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Wednesday, March 26, 2008

Web Scout exclusive! Rick Astley, king of the 'Rickroll,' talks about his song's second coming

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Astley talks about discovering the "Rickroll"


















Astley in London last November. (Photo courtesy of TD Promotions)

On a frosty Canadian morning, a masked crusader tromps across a parking lot, over a snow bank and onto the sidewalk. He has a loudspeaker strapped ominously to his chest.

He halts, aiming the speaker toward the building across the street. “This is a song by some dead guy,” he says. And then, music booms forth:

“Never gonna give you up, never gonna let you down, never gonna run around and desert you.”

It’s an anti-Scientology protest, and across the street, a dozen or so warmly dressed young people begin to dance and sing along, waving their picket signs in rhythm to the familiar tune.

“It’s a bit spooky, innit?” said Rick Astley, the singer who made the song famous in 1987 and who is not dead. With considerable help, including assists from RCA Records, the webmaster of Astley’s U.K. fan site, and his manager at Sony BMG, I tracked down Astley at his home in London last weekend. He spoke for the first time about the phenomenon called Rickrolling, best described by example: You are reading your favorite Hollywood gossip blog and arrive at a link urging you to “Click here for exclusive video of Britney’s latest freakout!!” Click you do, but instead of Britney, it’s a dashing 21-year-old Briton that pops onto the screen. You, sir, have been Rickroll’d.

Over the last year or so, Astley has watched with puzzled amazement as “Never Gonna Give You Up” has been mocked, celebrated, remixed and reprised, its original music video viewed millions of times on YouTube, all by a generation that could barely swallow its Gerber carrots when the song first topped the pop charts.

“I think it’s just one of those odd things where something gets picked up and people run with it,” Astley said. “But that’s what brilliant about the Internet.”

Saying he thought "Anonymous" Rickrolling Scientology was "hilarious"

Search for Astley’s name on YouTube and you’ll find dozens of instances of the campy, infectious video, which features a heavily coiffed Astley bobbing and swaying behind oversized sunglasses. He’s flanked by two blond backup dancers (one of whom apparently didn’t have the footwork down), and a male bartender in short shorts who excels at spontaneous back flips.

Rickrolling is an example of an Internet “meme” (defined by Wikipedia as “any unit of cultural information ... that gets transmitted verbally or by repeated action from one mind to another"). Its less sophisticated memetic forebear is the “duckroll,” where the roll-ee is misdirected to an image of a duck on wheels. And the Rickroll has sired many memelets, including the Fresh Prince roll, the rainroll (plopping you in front of a video of Tay Zonday’s "Chocolate Rain") and even the Reichroll, where Astley’s song is spliced with footage of Adolf Hitler for an unsettling sort of lip sync.

With all the online momentum it’s gathered, the Rickroll has now trundled its way into the real world, too. The spectacle of trench-coated pranksters blaring the song into unsuspecting crowds has become a symbol of harmless, geeky rebellion. As the blog LAist.com noted last week, and the New York Times reported Tuesday, a recent basketball game at Eastern Washington University was interrupted by a dancing Astley imitator, and there’s now a small YouTube library of the anti-Scientology group “Anonymous” Rickrolling different church locations.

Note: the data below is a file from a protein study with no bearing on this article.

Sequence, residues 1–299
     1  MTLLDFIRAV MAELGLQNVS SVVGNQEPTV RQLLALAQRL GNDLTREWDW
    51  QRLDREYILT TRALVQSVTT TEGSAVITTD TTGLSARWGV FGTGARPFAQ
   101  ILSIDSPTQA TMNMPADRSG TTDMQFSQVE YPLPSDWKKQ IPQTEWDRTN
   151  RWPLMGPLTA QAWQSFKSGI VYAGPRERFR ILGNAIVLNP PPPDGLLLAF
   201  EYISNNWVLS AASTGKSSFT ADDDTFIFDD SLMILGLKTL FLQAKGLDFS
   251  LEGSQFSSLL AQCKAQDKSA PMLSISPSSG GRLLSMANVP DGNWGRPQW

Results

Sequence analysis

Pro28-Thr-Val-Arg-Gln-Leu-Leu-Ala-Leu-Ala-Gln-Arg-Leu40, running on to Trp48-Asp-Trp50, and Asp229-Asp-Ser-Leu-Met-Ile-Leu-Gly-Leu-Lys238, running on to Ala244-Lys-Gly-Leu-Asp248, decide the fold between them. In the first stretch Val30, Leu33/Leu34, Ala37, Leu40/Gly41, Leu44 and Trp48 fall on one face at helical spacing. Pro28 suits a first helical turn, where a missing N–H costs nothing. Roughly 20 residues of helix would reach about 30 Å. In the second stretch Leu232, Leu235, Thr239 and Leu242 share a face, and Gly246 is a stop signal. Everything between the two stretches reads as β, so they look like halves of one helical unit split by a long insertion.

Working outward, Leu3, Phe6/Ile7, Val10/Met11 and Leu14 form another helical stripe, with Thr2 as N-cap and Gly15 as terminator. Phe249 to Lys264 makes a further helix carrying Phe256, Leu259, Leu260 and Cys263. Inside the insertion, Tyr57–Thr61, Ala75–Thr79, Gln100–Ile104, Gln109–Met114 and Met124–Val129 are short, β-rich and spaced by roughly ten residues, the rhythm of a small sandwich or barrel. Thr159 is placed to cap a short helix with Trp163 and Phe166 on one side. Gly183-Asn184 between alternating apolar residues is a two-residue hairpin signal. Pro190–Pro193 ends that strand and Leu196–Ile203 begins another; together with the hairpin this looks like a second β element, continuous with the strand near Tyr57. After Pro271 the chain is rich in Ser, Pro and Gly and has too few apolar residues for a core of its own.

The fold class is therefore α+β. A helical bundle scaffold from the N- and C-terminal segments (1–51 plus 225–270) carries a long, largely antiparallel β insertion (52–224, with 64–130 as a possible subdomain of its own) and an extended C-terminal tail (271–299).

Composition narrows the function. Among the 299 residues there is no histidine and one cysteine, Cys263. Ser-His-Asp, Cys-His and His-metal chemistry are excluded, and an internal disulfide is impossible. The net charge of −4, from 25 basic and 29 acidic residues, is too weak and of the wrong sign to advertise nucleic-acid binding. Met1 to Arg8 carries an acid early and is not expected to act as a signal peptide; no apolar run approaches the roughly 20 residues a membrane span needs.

Why have people picked up on the song so much?

For his part, Astley was nothing if not modest about his new cultural role. “If this had happened around some kind of rock song, with a lyric that really meant something -- a Bruce Springsteen, "God bless America" ... or an anti-something kind of song, I could kind of understand that,” Astley said. “But for something as, and I don’t mean to belittle it, because I still think it’s a great pop song, but it’s a pop song; do you know what I mean? It doesn’t have any kind of weight behind it, as such. But maybe that’s the irony of it.”

Astley would never put the song down, mind you. It’s just that, as he says, “If I was a young kid now looking at that song, I’d have to say I’d think it was pretty naff, really.”

(Wikipedia on “naff”: British slang for “something which is seen to be particularly ‘cheesy’ or ‘tacky’ or in otherwise poor aesthetic taste.”) “For me it’s a good example of what some of the ’80s were about in that pop sort of music way. A bit like you could say Debbie Gibson was absolutely massive, but if you look back at it now ... do you know what I mean?”

Yes, I think we do. But even still, with all the renewed attention to his work and his — albeit 20-year-old — image, does Astley have any plans to cash in on Rickrolling, maybe with his own YouTube remix?

“I don’t really know whether I want to be doing that,” he said. “ I’m not being an ageist, but it’s almost a young person’s thing, that.”

“I think the artist themselves trying to remix it is almost a bit sad,” he said. “No, I’m too old for that.”
Astley, who will be touring the U.K. in May with a group of other ’80’s acts, including Bananarama, and Nick Heyward, Heaven 17, Paul Young and ABC, sums up his thoughts on his unexpected virtual fame with characteristic good humor:

“Listen, I just think it’s bizarre and funny. My main consideration is that my daughter doesn’t get embarrassed about it.”

Are you going to try to capitalize on the whole thing?

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